I have not done a Sum it up in a while so it is time. During my newspaper rounds I found some interesting articles. The BBC reports about the 15 year old UK rape case against John Molt. Molt is accused of rape of a minor. “The court heard the father of accused Jon Molt provided a DNA sample as part of the police inquiry and a “familial match” was found.” The case continues. It bears watching esp the forensic angle in this case.
In Iowa, Jack Wendell Pursel confessed last May to the double slaying of Robert and Goldie Huntbach that had been unsolved for decades. Pursell formally pleaded guilty to two counts of first-degree murder in Black Hawk County District Court. Judge Brad Harris sentenced Pursel to life in prison without parole, which is the mandatory punishment under state law. Pursell admitted the double murders turning himself in to police claiming he had been forgiven for his sins by God. The article is here.
Nova Scotia finally added a cold case of missing Allen Kenley Matheson to its rewards lists. “The department is offering a cash reward of up to $150,000 for information leading to the arrest of anyone responsible for his disappearance in September 1992.” When last seen, Matheson was wearing blue jeans, a purple T-shirt, blue coat, dark brown suede loafers a purpse ball cap. He wore a gold hoop earring in his left ear. Anyone with information can call 1-888-710-9090. More information on the case can be found at www.gov.ns.ca/just. Hat tip to @pwmullen!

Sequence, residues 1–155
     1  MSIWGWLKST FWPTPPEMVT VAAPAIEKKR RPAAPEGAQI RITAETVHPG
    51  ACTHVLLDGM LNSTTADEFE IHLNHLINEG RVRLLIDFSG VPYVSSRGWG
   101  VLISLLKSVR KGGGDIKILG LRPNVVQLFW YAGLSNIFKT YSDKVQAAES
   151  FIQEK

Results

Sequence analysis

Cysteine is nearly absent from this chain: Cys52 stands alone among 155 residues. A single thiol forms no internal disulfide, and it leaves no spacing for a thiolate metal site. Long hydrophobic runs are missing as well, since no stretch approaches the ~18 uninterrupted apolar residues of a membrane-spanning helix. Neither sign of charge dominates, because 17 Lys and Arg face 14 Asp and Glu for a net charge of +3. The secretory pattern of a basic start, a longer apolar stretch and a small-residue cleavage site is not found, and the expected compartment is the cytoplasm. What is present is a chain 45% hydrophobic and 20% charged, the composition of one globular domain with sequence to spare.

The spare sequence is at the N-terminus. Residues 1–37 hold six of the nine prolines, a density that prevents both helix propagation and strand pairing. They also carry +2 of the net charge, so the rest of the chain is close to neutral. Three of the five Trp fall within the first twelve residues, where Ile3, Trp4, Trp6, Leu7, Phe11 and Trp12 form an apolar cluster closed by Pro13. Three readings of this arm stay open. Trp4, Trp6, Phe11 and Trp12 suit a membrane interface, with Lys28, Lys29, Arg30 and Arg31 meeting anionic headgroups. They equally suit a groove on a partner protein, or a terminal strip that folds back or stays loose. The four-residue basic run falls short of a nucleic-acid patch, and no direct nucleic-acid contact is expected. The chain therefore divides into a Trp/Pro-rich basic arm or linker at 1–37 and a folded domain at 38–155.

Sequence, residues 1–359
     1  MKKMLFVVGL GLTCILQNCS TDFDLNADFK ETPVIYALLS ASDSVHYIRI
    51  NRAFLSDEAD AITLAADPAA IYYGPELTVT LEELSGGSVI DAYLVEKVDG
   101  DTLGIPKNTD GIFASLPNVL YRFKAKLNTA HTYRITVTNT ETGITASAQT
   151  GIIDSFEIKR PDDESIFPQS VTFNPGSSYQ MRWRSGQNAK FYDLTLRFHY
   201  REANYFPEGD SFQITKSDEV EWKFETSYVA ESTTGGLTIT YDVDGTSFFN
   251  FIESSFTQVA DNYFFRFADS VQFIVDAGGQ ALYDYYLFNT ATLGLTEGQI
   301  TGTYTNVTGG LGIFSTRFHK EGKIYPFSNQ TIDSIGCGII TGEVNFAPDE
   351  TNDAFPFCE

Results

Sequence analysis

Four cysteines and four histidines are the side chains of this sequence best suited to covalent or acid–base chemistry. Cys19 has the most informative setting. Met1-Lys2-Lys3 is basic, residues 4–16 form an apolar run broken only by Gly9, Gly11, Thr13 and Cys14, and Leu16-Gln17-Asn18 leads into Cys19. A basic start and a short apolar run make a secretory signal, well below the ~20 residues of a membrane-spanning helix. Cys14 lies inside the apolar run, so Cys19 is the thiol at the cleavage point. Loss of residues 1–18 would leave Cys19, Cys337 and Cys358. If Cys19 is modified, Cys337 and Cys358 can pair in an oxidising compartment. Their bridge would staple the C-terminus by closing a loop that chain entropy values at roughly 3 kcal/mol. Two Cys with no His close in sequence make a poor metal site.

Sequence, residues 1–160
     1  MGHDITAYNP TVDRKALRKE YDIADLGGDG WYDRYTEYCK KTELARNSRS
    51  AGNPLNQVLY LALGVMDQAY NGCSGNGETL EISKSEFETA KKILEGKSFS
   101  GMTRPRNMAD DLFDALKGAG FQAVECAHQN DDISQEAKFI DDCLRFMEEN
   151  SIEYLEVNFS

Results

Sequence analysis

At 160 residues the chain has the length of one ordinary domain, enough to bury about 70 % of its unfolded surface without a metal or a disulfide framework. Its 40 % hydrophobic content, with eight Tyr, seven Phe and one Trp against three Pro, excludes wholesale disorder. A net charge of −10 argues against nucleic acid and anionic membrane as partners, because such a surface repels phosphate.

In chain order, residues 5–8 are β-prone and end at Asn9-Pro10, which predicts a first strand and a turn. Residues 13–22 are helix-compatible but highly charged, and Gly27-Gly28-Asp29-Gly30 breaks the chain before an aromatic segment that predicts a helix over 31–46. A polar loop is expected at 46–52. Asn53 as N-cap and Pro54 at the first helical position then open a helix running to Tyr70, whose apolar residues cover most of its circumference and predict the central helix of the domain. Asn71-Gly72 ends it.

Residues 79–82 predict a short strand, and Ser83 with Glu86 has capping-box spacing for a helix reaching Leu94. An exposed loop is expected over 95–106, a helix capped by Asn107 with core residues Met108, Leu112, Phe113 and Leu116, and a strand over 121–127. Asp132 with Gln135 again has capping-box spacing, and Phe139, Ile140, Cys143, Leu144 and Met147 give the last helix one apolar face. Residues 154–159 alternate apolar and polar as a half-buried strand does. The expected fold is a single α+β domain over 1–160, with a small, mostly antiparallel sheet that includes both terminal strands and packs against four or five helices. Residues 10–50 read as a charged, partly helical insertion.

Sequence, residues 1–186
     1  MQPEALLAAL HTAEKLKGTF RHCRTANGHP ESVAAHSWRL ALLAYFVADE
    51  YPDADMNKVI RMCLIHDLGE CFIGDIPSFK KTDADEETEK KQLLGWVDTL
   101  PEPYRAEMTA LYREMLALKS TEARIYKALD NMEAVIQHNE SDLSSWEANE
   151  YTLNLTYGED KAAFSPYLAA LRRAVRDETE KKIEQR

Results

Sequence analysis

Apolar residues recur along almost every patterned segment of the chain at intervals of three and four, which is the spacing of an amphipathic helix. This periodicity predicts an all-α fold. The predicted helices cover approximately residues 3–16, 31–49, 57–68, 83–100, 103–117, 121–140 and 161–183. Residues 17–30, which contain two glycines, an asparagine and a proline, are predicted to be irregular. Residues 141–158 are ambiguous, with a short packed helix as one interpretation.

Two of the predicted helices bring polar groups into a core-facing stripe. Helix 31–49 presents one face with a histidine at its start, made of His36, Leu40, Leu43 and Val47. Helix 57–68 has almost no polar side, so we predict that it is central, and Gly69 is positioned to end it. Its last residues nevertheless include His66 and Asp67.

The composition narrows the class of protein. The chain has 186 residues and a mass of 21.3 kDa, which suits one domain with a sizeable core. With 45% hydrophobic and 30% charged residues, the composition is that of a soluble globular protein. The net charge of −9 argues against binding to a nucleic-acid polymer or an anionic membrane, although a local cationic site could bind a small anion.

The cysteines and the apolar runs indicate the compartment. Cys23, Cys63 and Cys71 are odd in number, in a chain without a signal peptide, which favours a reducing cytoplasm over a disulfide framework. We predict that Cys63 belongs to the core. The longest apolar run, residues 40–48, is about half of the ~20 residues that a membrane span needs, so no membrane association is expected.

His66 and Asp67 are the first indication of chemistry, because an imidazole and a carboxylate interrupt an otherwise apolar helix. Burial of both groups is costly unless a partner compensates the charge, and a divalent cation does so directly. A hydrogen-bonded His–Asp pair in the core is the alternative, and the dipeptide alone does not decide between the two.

Peter also sent me this article about online sleuthing … “Where traditional law enforcement was missing in action, at least publicly, the Animal Beta Project was launching meticulous record searches and analyzing whatever information its global team of online scavengers could acquire.
Ralph Taylor, a professor of criminal justice at Philadelphia’s Temple University, said Internet groups like the Doe Network or the Animal Beta Project are digital-age throwbacks to neighbourhood watch groups, which were borne out of police understaffing and strained community relations back in the 1960s.
While there are success stories, experts caution against over-zealous amateurs whose actions might endanger themselves or others, or even stymie ongoing police investigations by tipping off an unsuspecting criminal, or blocking the collection of admissible evidence.”
There are several sides to this discussion. Valuable contributions have been made by sleuths online whether police acknowledge their help or not. However, in the heat of the game fingers have also been pointed at the wrong people whose name and reputation suffered greatly. And, too much sleuthing can indeed alert someone who has not been caught yet that he or she has left a calling cards somewhere. I think that one of the most valuable contributions made however is to point authorities in a different direction and let them see the case through another person’s eyes.
Too often the only version the cops read is the version they have been staring at for the past decade. A new set of eyes sees things in a different light, asks different questions and those questions force police to answer and in doing so, check their train of thought. It is a useful experience not to be underestimated.
From New Zealand: a new book by Chris Birt will shed the final light on the cold case of Harvey and Jeannette Crewe. That case features on DCC as well and more information can be found here. Birt launched www.crewemurders.com as a ”clearing house” for anyone with information about the murders, or the police malpractice that saw Arthur Allan Thomas wrongfully jailed for 10 years.